Associations of work hours, job strain, and occupation with endothelial function: the Multi-Ethnic Study of Atherosclerosis (MESA).
Charles-LE; Fekedulegn-D; Landsbergis-P; Burchfiel-CM; Baron-S; Kaufman-JD; Stukovsky-KH; Fujishiro-K; Foy-CG; Andrew-ME; Diez Roux-AV
J Occup Environ Med 2014 Nov; 56(11):1153-1160
Objective: To investigate associations of work hours, job control, job demands, job strain, and occupational category with brachial artery flow-mediated dilation (FMD) in 1499 Multi-Ethnic Study of Atherosclerosis participants. Methods: Flow-mediated dilation was obtained using high-resolution ultrasound. Mean values of FMD were examined across categories of occupation, work hours, and the other exposures using regression analyses. Results: Occupational category was significantly associated with FMD overall, with blue-collar workers showing the lowest mean values-management/professional = 4.97 +/- 0.22%; sales/office = 5.19 +/- 0.28%; services = 4.73 +/- 0.29%; and blue-collar workers = 4.01 +/- 0.26% (adjusted P < 0.001). There was evidence of effect modification by sex (interaction P = 0.031)-significant associations were observed among women (adjusted P = 0.002) and nearly significant results among men (adjusted P = 0.087). Other exposures were not significantly associated with FMD. Conclusions: Differences in endothelial function may account for some of the variation in cardiovascular disease across occupational groups.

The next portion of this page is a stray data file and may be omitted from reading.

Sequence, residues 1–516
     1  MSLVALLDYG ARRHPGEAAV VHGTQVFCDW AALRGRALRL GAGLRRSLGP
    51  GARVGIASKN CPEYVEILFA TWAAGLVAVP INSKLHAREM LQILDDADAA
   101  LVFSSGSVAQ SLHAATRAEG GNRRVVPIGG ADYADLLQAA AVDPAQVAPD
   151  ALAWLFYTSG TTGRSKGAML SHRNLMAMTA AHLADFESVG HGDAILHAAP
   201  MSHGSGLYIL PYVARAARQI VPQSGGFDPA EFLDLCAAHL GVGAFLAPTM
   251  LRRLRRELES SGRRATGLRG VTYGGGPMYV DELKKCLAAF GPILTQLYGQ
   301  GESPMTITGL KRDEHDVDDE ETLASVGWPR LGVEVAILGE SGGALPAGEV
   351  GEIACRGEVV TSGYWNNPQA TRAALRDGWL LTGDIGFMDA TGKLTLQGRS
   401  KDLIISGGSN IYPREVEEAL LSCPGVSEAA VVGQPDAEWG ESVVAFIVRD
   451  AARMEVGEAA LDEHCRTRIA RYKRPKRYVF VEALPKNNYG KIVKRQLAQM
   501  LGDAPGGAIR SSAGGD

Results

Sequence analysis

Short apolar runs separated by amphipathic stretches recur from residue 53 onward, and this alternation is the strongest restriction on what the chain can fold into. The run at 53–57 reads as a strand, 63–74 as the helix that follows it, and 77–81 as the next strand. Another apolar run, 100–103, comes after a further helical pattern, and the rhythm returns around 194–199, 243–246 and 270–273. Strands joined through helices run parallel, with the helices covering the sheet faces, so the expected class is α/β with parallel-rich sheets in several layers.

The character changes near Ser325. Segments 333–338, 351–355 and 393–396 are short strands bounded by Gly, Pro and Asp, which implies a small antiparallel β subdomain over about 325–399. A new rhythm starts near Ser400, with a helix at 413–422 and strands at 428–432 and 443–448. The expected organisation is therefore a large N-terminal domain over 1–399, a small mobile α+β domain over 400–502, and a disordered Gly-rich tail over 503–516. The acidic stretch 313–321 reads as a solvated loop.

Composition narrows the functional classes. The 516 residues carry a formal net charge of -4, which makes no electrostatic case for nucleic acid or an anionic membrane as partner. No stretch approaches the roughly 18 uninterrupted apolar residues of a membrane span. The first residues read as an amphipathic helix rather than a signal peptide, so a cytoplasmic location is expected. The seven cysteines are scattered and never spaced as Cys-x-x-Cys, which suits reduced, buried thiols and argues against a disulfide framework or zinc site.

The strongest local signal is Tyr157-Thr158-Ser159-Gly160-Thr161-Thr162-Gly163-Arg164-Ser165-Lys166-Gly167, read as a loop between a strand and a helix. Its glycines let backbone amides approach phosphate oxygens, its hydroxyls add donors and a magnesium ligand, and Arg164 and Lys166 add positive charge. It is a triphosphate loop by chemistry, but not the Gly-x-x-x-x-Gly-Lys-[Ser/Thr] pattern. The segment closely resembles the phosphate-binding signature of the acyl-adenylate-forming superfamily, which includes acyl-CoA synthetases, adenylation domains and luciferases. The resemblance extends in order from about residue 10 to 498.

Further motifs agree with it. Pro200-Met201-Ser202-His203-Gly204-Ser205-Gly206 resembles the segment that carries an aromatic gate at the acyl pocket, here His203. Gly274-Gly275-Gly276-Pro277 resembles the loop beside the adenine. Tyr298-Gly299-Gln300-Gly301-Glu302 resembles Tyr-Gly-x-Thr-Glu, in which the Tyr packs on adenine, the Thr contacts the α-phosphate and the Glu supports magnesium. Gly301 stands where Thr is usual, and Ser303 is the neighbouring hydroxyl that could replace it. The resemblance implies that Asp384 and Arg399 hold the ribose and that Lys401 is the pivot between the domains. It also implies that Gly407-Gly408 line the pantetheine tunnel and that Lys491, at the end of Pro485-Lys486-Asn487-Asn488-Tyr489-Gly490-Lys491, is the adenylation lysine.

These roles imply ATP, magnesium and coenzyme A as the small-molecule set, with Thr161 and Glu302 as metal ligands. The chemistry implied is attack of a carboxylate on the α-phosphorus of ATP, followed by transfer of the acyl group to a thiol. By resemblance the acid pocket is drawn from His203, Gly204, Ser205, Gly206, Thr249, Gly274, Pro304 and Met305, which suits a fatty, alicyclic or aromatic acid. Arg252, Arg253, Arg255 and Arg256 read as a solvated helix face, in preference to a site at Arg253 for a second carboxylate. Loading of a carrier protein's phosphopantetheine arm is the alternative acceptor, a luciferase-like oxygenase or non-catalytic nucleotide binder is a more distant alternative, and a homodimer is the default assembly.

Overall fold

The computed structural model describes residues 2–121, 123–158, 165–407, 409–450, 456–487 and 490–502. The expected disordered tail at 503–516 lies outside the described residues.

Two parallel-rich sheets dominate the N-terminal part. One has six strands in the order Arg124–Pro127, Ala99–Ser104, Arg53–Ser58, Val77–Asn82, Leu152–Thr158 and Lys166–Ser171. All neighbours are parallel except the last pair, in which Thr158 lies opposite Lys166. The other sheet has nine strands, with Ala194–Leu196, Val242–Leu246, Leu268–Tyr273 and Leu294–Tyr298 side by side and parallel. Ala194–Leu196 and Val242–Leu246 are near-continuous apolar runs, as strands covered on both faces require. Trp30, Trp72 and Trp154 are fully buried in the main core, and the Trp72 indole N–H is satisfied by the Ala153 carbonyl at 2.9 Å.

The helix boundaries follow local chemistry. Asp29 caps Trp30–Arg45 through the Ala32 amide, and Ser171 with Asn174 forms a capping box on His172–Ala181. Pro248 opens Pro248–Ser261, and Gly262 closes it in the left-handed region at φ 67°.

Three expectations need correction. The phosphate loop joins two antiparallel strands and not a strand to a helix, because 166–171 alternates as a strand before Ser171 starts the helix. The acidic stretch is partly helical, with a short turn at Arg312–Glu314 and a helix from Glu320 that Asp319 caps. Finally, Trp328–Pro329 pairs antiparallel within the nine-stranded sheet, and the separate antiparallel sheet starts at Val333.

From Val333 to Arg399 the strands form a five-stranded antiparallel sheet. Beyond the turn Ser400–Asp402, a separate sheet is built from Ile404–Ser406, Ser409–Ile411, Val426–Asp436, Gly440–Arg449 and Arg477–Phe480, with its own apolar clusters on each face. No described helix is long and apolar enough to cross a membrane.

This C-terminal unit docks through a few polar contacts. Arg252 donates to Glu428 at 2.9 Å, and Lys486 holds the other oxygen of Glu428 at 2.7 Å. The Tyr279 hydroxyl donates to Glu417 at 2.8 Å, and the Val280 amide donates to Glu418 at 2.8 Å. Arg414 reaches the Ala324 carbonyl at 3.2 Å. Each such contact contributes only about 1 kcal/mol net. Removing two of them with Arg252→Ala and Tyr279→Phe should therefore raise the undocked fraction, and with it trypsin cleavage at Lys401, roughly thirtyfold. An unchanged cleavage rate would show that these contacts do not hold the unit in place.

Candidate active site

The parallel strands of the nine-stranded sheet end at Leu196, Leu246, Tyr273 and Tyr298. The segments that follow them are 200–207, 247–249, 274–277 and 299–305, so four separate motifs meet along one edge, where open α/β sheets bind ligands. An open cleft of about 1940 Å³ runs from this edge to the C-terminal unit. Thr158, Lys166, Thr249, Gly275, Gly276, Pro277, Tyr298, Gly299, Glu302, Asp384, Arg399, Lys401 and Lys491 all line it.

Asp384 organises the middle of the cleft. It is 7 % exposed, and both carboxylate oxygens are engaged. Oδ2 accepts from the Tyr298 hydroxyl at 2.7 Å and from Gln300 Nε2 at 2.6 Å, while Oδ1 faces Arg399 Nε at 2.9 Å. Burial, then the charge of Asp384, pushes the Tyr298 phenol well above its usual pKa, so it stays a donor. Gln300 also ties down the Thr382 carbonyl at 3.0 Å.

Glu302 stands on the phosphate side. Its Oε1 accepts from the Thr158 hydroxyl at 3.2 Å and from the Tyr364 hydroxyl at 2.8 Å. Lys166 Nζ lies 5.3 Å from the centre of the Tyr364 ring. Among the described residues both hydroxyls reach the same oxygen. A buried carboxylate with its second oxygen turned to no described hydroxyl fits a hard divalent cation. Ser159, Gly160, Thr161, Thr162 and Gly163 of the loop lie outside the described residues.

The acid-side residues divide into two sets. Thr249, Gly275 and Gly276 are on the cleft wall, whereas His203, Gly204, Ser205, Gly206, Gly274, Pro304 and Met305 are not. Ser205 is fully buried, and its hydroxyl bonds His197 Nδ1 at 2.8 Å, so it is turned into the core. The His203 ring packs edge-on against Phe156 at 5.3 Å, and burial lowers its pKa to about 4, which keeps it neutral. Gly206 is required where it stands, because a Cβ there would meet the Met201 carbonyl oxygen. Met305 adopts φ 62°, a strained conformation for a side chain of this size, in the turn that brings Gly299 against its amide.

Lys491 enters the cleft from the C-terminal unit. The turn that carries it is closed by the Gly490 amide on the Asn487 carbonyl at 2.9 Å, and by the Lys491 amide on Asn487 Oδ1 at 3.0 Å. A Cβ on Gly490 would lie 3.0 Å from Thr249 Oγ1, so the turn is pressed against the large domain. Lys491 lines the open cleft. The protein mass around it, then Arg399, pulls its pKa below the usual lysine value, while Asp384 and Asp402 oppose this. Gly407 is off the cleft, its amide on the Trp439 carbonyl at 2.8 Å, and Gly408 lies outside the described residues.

Cardiovascular-disease; Cardiovascular-system-disease; Cardiovascular-system-disorders; Cardiovascular-function; Work-intervals; Humans; Men; Women; Epidemiology; Statistical-analysis; Ultrasound; Exposure-levels; Demographic-characteristics; Surveillance-programs
Luenda E. Charles, PhD, MPH, Biostatistics and Epidemiology Branch, Health Effects Laboratory Division, National Institute for Occupational Safety and Health, HELD/BEB, MS L-4050, 1095 Willowdale Rd, Morgantown, WV 26505
Journal of Occupational and Environmental Medicine
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